BATON ROUGE, La. (WAFB) - Just about every day in East Baton Rouge Parish, someone makes a trip to a hospital to get a sexual assault exam.
“What we do is we act as a point of contact when survivors need a forensic medical exam. We dispatch our advocates to sit with them during the exam,” said Rachael Herbert, president and CEO of Sexual Trauma Awareness & Response (STAR).
It sounds alarming, but those are facts straight from experts at STAR. When a survivor chooses to report an assault to a hospital, it’s one of the most critical moments in a potential investigation. Herbert says national Sexual Assault Nurse Examiner (SANE) protocol suggests an exam must be conducted within 96 hours of the assault; some doctors won’t perform one past 72 hours.
“The evidence collection exam is actually a very complicated and detailed exam, which is why we promote using SANEs or someone that is forensically trained, whether that be a doctor or a nurse,” Herbert explained.
“We’re about the victim,” East Baton Rouge Coroner Dr. Beau Clark explained. “So the victim goes to a hospital. We go to that hospital and take care of that victim.”
SANE works for the East Baton Rouge Coroner’s Office. It has been that way since the 1970s.
“The coroner’s responsibility, sole responsibility is the collection of evidence,” Clark said.
Clark says SANEs are platinum, the gold standard when it comes to getting evidence properly from victims. There are about 20 to 30 of them in the entire state. Those specialized, forensically trained nurses work around the clock.
In 2018, Clark says they looked into 250 sexual assault cases; the same goes for 2017.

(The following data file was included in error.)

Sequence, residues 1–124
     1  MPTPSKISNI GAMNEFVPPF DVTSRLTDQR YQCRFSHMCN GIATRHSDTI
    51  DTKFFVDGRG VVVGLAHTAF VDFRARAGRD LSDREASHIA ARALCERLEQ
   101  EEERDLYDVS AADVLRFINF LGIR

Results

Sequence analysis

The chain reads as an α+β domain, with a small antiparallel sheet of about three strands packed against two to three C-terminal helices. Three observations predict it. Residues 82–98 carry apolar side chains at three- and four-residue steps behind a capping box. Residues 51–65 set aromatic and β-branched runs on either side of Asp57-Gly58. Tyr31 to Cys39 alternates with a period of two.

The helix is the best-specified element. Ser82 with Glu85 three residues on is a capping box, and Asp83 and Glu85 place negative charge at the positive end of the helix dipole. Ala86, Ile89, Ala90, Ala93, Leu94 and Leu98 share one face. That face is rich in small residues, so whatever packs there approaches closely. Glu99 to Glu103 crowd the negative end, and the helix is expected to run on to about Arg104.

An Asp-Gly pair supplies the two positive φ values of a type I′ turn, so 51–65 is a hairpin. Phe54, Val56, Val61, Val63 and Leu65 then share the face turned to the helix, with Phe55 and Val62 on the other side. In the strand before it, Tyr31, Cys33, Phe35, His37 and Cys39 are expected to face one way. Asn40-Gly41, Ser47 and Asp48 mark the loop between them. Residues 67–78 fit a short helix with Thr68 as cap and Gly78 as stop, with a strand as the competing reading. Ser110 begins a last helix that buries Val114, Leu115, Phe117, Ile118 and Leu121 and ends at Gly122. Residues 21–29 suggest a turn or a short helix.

A plan making its way through Congress hopes to strengthen care nationwide. It’s called the Survivors’ Access to Supportive Care Act. The bill hopes to award grants to individual states to train more people and make sure programs are thriving.
“If a survivor presents to an emergency room with a doctor that is untrained or not qualified as SANEs are, it could compromise the evidence, which is why this act is so important, to ensure that survivors are able to get medical care, but they’re also set up for a successful trial,” Herbert explained.
If passed, funding would be awarded through the Louisiana Department of Health (LDH). WAFB reached out to the state for comment and received the following statement:
“This is federal legislation that has not yet become law. We are monitoring this legislation and are supportive of any attempt to bring more resources to strengthening the sexual assault examiner workforce in Louisiana. If this legislation passes, the Department of Health would have to apply for funding from the U.S. Department of Health and Human Services.”
If a survivor is in need of forensic medical help or support, they should call 1-855-435-STAR.